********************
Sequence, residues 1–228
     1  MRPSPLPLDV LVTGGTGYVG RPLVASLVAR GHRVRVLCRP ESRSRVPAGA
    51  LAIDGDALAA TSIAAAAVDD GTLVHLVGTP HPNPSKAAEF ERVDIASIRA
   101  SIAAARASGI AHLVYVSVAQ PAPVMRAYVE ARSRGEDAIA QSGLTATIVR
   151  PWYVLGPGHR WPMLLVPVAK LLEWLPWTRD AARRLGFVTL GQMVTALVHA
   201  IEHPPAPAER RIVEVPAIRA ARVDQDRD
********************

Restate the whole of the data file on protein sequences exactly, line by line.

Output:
Sequence, residues 1–228
     1  MRPSPLPLDV LVTGGTGYVG RPLVASLVAR GHRVRVLCRP ESRSRVPAGA
    51  LAIDGDALAA TSIAAAAVDD GTLVHLVGTP HPNPSKAAEF ERVDIASIRA
   101  SIAAARASGI AHLVYVSVAQ PAPVMRAYVE ARSRGEDAIA QSGLTATIVR
   151  PWYVLGPGHR WPMLLVPVAK LLEWLPWTRD AARRLGFVTL GQMVTALVHA
   201  IEHPPAPAER RIVEVPAIRA ARVDQDRD